Tabubil-based Senior Detective Constable Ruso Hate said the ‘Strengthening family sexual violence investigations and prosecution workshop’ had given him the knowledge to lay appropriate charges for different types of sexual offences, including rape, sexual assault and sexual penetration.
Detective Hate, who works in Tabubil’s Criminal Investigation Division, said it was frustrating and concerning to see charges against alleged sexual offenders thrown out of court because of technical errors in the charging process.
“Sometimes in the field, we are not sure on some of the charges,” he said.
“We charge offenders and when we go to court, cases will be withdrawn or struck out due to inappropriate charges.”
He said the training he received could change that.
“In this training we now know the appropriate charges and the appropriate wording of charges that we must use, depending on the circumstances of offences.
“This is particularly important for officers working at isolated locations like Tabubil, where they must be across many areas of the law, and in a typical day can encounter everything from family and sexual violence to breaking and entering, drug trafficking, child abuse, robbery and murder.”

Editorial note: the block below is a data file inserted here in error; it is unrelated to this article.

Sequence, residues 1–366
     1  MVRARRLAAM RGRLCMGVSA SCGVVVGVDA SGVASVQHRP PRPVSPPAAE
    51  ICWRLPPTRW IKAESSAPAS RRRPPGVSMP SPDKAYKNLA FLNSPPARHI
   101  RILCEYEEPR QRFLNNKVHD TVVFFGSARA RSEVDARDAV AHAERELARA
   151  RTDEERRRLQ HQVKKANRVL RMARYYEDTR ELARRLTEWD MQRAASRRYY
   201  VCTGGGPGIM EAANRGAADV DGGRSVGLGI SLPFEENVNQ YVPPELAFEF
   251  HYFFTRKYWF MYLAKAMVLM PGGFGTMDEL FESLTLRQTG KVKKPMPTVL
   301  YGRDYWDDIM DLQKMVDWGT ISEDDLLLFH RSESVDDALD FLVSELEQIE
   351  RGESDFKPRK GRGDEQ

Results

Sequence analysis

Detective Hate said officers face a daunting task policing their community while keeping up with the latest amendments to legislation such as the Criminal Code Act, and the workshop had been invaluable in bringing him up-to-date with changes to the law.
“We are happy that during the workshop the facilitators presented the relevant Acts that will guide us with our day-to-day work in the field.”
At the workshop, he also learnt the importance of not forming judgements of people coming to police for help, particularly women.
“When female victims come to the police station, sometimes we ignore them because of their previous history. We don’t take them very seriously. We have to forget about their history and attend to whatever complaints they approach us with.
“Females who come to the police stations are the most vulnerable victims and when we don’t help them, they shy away from the police and suffer in silence,” he said.
Constable Lina Gigmai said after five years working in the public safety division of Tabubil Police Station she is now confident to take on any family or sexual violence cases that come up during her watch.
“From what I learnt in this workshop, it has given me the confidence to do my files, investigations and take FSV cases to court.
“I’ve learnt that every complaint that is laid by women must not be treated as shallow. If it’s sexual assault or rape, it’s not a marriage problem but a crime and we must investigate and prosecute,” Constable Gigmai said.
The workshop was conducted by the Royal Papua New Guinea Constabulary and the Office of the Public Prosecutor with support from the Australian government through the Papua New Guinea-Australia Partnership.
(Some of the participants from Royal Papua New Guinea Constabulary at the Strengthening FSV Investigations and Prosecution Workshop in Kiunga recently)